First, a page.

George Philip Baker


George Philip Baker (Plumstead, 21 May 1879 – 19 April 1951[1]) was a British author, who published several "popular" history books in the 1920s and 1930s.

Life


Because he was deaf from eight years old, he couldn't serve in the English army, but he would be almost all of his adult life serve as a civil servant in the Royal Artillery.[1] He had an interest for military history and would stress the importante of political and economical developments as underlying causes for the military capacities that would cause the rise and fall of empires. Although he wasn't a professional scholar, he always read the contemporary scientific literature in order to be well informed to talk about his subject. He wrote books about several historical figures (Sulla, Hannibal, Tiberius, Constantine the Great, Justinian I, Charlemagne, the warrior kings of Wessex), as well as a book on decisive battles that would several times be reprinted (A Book of Battles, 1935.). In his books he paid especially attention to military tactics and strategies.

Works[2]


  • Sulla the fortunate: the great dictator; being an essay on politics in the form of a historical biography, New York, 1927.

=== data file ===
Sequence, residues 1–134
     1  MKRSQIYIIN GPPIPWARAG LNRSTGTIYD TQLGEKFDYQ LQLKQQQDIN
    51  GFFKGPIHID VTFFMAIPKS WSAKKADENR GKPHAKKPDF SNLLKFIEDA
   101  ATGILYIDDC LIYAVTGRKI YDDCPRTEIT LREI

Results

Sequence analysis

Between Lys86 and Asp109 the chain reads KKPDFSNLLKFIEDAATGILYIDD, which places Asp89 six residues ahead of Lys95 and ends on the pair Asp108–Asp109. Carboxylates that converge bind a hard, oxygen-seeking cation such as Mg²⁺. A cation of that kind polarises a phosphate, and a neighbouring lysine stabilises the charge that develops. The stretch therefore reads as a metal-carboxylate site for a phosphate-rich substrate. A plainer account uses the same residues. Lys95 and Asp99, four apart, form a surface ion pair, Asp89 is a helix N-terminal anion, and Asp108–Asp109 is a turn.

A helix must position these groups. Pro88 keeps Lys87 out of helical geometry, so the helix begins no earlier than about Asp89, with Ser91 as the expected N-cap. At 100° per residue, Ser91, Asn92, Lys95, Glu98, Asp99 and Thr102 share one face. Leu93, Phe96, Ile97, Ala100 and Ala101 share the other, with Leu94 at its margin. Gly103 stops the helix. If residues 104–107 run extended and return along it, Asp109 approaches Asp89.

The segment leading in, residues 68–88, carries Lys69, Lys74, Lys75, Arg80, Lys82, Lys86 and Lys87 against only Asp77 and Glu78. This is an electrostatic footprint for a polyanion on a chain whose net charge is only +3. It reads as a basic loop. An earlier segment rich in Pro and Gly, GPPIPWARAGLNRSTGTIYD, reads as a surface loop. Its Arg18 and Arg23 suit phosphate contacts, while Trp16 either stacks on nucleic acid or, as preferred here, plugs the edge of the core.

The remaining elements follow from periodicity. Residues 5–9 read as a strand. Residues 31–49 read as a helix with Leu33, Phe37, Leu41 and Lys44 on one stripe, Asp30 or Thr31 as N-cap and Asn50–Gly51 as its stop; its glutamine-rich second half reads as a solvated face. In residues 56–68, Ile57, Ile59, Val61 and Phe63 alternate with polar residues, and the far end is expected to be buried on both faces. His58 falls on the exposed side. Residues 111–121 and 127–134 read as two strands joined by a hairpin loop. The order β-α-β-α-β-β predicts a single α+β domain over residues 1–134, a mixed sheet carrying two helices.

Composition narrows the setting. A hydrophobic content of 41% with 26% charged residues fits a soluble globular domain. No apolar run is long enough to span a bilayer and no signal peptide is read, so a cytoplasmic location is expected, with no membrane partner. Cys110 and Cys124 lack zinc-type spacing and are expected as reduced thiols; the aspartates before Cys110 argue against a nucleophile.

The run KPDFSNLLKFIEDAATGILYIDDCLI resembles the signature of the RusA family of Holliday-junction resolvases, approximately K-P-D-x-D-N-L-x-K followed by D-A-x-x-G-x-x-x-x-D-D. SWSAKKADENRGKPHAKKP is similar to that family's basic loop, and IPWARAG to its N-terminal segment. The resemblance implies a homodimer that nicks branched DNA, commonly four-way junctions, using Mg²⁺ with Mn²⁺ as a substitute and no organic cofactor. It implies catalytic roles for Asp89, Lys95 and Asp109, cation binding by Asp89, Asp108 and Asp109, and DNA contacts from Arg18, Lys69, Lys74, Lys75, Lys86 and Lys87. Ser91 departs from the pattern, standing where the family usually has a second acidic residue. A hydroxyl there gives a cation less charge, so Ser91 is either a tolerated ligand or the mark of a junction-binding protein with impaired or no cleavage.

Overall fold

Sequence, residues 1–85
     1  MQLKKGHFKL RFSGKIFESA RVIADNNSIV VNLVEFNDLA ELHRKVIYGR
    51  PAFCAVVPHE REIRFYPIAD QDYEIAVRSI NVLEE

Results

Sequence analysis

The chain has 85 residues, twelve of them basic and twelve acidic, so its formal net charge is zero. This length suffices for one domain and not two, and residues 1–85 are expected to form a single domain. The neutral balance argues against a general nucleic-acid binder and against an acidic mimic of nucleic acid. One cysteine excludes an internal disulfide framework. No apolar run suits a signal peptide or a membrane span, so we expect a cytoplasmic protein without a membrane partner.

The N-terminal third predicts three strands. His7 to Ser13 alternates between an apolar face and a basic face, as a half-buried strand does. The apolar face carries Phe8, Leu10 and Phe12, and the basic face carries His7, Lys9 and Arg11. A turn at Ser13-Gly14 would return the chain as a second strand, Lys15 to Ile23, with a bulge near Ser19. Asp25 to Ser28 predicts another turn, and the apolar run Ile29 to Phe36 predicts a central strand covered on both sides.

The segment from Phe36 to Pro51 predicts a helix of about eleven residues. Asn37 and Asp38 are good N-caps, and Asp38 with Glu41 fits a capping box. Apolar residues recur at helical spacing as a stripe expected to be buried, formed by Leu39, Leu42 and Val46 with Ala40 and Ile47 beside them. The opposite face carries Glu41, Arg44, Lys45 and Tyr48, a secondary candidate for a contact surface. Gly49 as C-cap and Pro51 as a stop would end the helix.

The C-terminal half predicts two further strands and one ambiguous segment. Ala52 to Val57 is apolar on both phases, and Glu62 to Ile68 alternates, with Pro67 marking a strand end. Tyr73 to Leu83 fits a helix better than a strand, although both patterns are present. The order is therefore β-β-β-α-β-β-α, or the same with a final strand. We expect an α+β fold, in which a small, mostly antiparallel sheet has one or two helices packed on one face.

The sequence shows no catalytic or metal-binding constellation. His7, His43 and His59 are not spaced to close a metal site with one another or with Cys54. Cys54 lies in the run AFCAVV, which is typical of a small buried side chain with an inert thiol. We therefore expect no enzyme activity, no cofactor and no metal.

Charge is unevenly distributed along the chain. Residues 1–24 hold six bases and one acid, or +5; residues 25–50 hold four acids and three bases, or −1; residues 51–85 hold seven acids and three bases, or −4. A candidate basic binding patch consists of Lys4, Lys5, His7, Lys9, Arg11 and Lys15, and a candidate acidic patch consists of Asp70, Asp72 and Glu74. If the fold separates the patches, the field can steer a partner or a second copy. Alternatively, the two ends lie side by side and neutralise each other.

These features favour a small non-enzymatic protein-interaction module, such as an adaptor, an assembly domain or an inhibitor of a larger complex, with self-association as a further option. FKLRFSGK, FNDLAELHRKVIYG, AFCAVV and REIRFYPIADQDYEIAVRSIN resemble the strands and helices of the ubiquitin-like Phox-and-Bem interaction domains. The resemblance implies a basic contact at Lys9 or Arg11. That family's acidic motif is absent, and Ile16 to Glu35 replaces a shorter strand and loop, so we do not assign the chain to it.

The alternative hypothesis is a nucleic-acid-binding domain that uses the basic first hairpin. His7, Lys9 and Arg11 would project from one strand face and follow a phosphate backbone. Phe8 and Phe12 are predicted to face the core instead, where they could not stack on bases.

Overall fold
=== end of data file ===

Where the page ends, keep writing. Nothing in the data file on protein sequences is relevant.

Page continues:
• Tiberius Cæsar, New York, 1928.
  • Hannibal, New York, 1929.
  • Constantine the Great and the Christian revolution, New York, 1930.
  • The fighting kings of Wessex: a gallery of portraits, New York, 1931.
  • Justinian, New York, 1931.
  • Charlemagne, and the united states of Europe, New York, 1932.
  • Twelve centuries of Rome: 753 B.C. - A.D. 476, London, 1934.
  • A book of battles; being a description of fifteen battles that determined the course of civilization, together with some account of the men who fought them and the women who influenced them, New York, 1935.
  • Augustus: the Golden Age of Rome, New York, 1937.

Notes


  1. George Philip Baker, a Historian who was Deaf, blogs.ucl.ac.uk (17/08/2012).
  2. There are several reprints and editions of his works. The years mentioned in this list are of the first prints.